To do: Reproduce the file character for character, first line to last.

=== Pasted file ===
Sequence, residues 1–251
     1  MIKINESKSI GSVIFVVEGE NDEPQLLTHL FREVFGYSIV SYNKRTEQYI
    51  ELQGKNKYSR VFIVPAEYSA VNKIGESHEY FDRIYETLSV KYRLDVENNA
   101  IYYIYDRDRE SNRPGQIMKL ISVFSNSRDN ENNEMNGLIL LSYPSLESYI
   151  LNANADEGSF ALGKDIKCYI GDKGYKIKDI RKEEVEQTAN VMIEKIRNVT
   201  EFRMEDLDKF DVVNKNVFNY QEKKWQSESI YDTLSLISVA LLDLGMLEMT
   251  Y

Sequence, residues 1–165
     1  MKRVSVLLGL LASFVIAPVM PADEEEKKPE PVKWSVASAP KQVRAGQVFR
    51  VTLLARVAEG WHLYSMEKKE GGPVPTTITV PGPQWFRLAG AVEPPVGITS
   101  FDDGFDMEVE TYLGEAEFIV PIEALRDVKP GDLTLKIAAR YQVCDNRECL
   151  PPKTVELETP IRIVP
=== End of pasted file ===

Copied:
Sequence, residues 1–251
     1  MIKINESKSI GSVIFVVEGE NDEPQLLTHL FREVFGYSIV SYNKRTEQYI
    51  ELQGKNKYSR VFIVPAEYSA VNKIGESHEY FDRIYETLSV KYRLDVENNA
   101  IYYIYDRDRE SNRPGQIMKL ISVFSNSRDN ENNEMNGLIL LSYPSLESYI
   151  LNANADEGSF ALGKDIKCYI GDKGYKIKDI RKEEVEQTAN VMIEKIRNVT
   201  EFRMEDLDKF DVVNKNVFNY QEKKWQSESI YDTLSLISVA LLDLGMLEMT
   251  Y

Sequence, residues 1–165
     1  MKRVSVLLGL LASFVIAPVM PADEEEKKPE PVKWSVASAP KQVRAGQVFR
    51  VTLLARVAEG WHLYSMEKKE GGPVPTTITV PGPQWFRLAG AVEPPVGITS
   101  FDDGFDMEVE TYLGEAEFIV PIEALRDVKP GDLTLKIAAR YQVCDNRECL
   151  PPKTVELETP IRIVP